Ask, Listen, Empower: Grounding Your Library Work in Community Engagement (Paperback)
Foreword by Tracie D. Hall
Community engagement isn’t simply an important component of a successful library—it’s the foundation upon which every service, offering, and initiative rests. Working collaboratively with community members—be they library customers, residents, faculty, students or partner organizations— ensures that the library works, period. This important resource from ALA’s Public Programs Office (PPO) provides targeted guidance on how libraries can effectively engage with the public to address a range of issues for the betterment of their community, whether it is a city, neighborhood, campus, or something else. Featuring contributions by leaders active in library-led community engagement, it’s designed to be equally useful as a teaching text for LIS students and a go-to handbook for current programming, adult services, and outreach library staff. Balancing practical tools with case studies and stories from field, this collection explores such key topics as
- why libraries belong in the community engagement realm;
- getting the support of board and staff;
- how to understand your community;
- the ethics and challenges of engaging often unreached segments of the community;
- identifying and building engaged partnerships;
- collections and community engagement;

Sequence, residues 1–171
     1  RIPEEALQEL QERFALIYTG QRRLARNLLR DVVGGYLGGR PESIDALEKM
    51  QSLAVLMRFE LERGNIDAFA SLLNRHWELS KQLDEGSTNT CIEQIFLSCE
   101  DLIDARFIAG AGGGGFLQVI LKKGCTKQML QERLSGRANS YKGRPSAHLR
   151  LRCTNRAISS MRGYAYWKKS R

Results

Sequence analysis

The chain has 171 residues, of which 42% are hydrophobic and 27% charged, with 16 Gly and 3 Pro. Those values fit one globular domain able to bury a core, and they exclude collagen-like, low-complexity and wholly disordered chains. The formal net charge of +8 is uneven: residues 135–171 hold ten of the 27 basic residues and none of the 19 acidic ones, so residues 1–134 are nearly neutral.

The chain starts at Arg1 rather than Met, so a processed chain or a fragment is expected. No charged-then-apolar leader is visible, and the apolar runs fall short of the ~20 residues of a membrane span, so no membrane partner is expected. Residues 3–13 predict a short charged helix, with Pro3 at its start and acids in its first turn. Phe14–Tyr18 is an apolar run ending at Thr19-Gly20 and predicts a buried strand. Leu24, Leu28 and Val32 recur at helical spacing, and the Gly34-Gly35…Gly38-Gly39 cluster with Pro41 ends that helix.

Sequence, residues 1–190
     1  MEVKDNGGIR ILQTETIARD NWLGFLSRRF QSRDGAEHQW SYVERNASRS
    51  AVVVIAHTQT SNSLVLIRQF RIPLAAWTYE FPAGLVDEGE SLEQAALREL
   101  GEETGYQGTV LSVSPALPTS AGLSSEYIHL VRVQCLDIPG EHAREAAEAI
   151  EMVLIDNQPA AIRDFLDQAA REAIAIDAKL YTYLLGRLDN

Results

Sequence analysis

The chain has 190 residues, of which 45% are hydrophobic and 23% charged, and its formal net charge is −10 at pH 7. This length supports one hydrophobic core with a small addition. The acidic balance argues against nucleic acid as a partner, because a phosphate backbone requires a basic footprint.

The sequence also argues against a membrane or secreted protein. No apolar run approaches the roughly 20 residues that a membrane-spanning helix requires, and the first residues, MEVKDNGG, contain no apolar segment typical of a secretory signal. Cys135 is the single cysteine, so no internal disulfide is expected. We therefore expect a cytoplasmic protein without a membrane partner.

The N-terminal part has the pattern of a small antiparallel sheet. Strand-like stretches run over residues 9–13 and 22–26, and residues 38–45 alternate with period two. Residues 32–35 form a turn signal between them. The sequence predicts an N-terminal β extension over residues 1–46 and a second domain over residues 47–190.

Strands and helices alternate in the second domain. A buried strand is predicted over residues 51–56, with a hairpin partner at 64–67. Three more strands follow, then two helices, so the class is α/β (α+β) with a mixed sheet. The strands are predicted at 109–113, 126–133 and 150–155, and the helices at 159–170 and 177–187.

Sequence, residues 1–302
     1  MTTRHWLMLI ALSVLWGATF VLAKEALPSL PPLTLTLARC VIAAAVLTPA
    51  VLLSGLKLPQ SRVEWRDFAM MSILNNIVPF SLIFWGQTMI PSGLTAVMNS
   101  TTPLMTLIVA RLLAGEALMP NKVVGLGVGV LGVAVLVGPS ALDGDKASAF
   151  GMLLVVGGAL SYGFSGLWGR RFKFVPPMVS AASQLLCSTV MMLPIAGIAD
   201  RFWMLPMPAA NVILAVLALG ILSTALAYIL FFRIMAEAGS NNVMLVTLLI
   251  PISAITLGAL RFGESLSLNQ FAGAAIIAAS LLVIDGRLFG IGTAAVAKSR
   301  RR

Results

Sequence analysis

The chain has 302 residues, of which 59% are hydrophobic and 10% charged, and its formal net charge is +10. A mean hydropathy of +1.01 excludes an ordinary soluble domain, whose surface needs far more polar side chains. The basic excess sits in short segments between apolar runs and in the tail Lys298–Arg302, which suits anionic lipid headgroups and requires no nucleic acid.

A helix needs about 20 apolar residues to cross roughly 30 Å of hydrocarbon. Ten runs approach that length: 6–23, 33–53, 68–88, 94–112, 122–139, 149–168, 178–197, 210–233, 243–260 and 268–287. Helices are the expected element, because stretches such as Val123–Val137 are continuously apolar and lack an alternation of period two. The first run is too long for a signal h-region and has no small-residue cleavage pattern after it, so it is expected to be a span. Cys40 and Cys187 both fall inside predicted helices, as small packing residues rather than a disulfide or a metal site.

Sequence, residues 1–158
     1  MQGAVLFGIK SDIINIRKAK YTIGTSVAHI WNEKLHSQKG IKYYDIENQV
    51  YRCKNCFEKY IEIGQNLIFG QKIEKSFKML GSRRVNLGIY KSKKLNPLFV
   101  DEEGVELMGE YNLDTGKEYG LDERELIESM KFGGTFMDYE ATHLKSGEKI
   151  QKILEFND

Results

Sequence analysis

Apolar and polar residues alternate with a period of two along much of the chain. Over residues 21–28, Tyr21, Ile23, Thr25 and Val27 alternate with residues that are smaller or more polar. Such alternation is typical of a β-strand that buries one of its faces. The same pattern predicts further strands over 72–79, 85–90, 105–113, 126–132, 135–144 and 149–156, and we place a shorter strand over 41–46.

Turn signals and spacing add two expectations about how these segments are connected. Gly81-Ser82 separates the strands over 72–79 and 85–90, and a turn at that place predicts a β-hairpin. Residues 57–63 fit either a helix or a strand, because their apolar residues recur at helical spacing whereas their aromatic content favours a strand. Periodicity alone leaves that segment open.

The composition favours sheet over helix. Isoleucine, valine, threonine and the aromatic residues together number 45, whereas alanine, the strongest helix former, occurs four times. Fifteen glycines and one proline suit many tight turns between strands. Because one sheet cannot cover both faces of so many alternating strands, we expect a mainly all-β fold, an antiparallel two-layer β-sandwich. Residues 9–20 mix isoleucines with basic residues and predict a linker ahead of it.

- engaged programming; and
- outcome measurement.
About the Author
Mary Davis Fournier is Deputy Director of the American Library Association's Public Programs Office where she specializes in national partnerships, new project development, and programs support for public, school and academic libraries. An experienced arts administrator and cultural programmer, her past experiences include directing Chicago’s Printers Row Book Fair (now Lit Fest), programming for the Miami Book Fair International. She is active in Chicago’s nonprofit community and currently co-chairs the board of Chicago Women in Philanthropy. She holds a M.Ed. in Education Policy Studies from the University of Illinois at Champaign-Urbana and a B.A. in History and English Literature from the University of Wisconsin – Madison.
Sarah Ostman is the communications manager in the American Library Association’s Public Programs Office, where she serves as editor of ProgrammingLibrarian.org, a web resource for library professionals. Before joining the ALA and the library field in 2014, she spent nearly a decade as a newspaper reporter, editor, and freelance writer. Ostman has an MA in journalism from Columbia College in Chicago and a BA in sociology and theater from Smith College in Massachusetts.
"Valuable and insightful ... Library workers and potential community partners will find the book’s many examples of programming, adult services, and outreach useful for moving from dialogue to action.”
— Library Journal
"Readers ... will find the chapters inspiring and the examples of programs useful to their own work in a library or their research on diversity and inclusion in libraries. There is so much rich content for the reader: specific examples, guidelines, rubrics, and stories of success. Individual chapters, and as a collection, it has a lot to offer all of us working toward meaningful, sincere, and long-lasting engagement with the communities in our catchment areas.”
— International Journal of Information, Diversity, & Inclusion